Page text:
October 23, 2014

Medical Society of the State of NY Passes a Resolution on Radon

The Medical Society of the State of New York passed a Resolution on Radon at their state-wide annual meeting yesterday, April 12, 2014 in Tarrytown, NY. It reads:

RESOLVED, That the Medical Society of the State of New York support policy that limits exposure to radon and its decay products which are known to cause primary lung cancer in non-smokers and to potentiate the likelihood of lung cancer in smokers; and be it further

RESOLVED, that the Medical Society of the State of New York support legislation the protects the public health by ensuring that New York State is committed to reducing sources of excess radon emission, and monitoring radon gas exposure levels to confirm that these radon gas levels do not exceed the recommended levels set by the Environmental Protection Agency.

In the past MSSNY has endorsed resolutions calling for moratoriums on gas drilling in tight shale deposits. This year the concern shifted to the radioactive elements found the gas itself. While the concern over radon is much broader then a concern over gas drilling, the physicians clearly had the radioactivity associated with gas drilling in tight sale deposits in mind when they passed their resolution. Some of the statements leading to the resolution proper make mention of the radon “inextricably linked” with the methane from the tight shale deposits, especially in the northeast. Others pointed to the potential exposure through the delivery systems, the decay products, and the shorter transit times.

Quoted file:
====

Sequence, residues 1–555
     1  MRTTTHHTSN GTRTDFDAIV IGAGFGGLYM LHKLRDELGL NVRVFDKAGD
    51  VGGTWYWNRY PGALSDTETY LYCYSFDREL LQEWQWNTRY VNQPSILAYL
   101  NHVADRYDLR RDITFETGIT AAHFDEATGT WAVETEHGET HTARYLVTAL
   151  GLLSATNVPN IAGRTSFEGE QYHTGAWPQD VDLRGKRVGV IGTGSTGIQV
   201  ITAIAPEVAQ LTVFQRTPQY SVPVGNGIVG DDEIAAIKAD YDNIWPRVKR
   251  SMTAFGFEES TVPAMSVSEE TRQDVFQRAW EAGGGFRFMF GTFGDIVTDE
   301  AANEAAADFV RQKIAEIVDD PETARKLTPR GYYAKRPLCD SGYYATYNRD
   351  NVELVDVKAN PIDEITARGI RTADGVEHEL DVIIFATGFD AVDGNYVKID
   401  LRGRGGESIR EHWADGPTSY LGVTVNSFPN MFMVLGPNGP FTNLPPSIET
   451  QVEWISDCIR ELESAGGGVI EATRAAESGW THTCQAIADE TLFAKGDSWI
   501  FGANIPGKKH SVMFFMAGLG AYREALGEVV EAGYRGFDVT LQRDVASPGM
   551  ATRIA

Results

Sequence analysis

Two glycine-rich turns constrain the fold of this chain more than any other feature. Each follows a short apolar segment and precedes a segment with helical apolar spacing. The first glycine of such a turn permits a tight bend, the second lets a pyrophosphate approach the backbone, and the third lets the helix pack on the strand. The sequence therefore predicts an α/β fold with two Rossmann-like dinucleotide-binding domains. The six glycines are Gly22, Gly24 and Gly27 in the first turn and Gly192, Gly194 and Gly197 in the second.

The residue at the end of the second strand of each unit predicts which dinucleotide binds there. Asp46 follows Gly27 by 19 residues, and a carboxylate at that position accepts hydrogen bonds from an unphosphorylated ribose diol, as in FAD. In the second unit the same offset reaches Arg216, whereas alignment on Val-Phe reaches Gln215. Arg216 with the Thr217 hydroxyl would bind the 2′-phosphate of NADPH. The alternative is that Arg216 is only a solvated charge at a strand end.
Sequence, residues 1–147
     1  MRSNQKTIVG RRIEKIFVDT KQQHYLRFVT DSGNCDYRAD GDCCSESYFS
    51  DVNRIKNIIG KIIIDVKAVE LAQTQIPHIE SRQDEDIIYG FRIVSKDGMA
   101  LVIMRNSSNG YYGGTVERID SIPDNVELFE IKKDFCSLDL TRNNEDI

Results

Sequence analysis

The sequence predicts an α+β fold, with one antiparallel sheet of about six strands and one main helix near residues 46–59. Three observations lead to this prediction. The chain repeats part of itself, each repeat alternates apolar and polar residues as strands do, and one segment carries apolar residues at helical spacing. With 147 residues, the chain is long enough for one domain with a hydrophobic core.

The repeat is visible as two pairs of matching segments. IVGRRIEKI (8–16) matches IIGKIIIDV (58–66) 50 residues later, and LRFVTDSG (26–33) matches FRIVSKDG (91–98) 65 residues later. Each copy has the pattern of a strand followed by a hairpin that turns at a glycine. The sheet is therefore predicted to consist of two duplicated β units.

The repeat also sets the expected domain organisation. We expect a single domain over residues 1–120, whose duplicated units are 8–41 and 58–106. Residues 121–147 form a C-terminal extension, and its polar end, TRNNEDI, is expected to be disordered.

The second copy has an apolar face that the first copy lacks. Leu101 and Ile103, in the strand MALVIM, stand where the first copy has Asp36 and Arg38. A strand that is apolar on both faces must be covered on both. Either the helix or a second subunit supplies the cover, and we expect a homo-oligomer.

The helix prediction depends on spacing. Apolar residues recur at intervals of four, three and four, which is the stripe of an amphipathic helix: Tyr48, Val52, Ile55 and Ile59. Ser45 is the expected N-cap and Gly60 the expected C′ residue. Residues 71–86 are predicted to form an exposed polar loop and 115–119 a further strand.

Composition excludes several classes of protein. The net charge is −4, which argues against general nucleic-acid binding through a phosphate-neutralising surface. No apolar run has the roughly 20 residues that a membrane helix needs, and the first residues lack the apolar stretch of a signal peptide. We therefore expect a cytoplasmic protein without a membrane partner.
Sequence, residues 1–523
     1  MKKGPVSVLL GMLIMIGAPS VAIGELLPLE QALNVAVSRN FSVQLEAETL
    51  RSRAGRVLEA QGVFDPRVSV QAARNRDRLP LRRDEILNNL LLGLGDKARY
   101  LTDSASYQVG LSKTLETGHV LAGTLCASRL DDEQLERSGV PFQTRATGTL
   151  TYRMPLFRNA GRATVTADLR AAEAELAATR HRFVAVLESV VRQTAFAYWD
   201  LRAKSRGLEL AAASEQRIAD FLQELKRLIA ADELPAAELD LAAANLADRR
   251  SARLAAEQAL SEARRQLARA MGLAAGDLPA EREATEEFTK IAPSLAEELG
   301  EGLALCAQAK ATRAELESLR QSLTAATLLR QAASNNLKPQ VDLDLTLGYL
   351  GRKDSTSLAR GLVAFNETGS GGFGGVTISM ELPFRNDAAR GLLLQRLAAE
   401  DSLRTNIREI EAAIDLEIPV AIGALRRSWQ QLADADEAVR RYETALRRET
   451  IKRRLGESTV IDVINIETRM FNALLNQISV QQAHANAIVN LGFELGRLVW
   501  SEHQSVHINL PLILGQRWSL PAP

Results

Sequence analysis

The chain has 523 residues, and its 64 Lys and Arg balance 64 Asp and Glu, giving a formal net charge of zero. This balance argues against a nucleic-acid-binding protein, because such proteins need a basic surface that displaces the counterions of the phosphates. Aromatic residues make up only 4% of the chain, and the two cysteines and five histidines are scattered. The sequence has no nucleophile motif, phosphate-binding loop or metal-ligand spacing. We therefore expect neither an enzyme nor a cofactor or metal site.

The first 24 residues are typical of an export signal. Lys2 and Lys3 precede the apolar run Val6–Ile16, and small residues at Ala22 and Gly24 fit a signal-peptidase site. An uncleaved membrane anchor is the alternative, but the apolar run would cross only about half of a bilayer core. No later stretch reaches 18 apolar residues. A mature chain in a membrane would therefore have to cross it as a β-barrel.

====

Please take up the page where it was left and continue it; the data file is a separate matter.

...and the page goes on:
Some examples:
WHEREAS, there is no safe exposure level of radon for public health protection
WHEREAS, Radon, which originates naturally in bedrock and shale, is inextricably combined with other natural gases sequestered in these subterranean reserves, and is therefore extracted in combination with natural gas
WHEREAS, due to geographic proximity of New York State to the Marcellus Shale region, there is significantly shorter transit time through local regional pipeline networks transporting radon-laced natural gas to NYS natural gas consumers thus resulting in the delivery of natural gas containing much higher concentrations of radon

As the threat of actual gas drilling subsides in the State, the public heath threats associated with the growing gas drilling infrastructure are now on the organization’s radar. Stay tuned.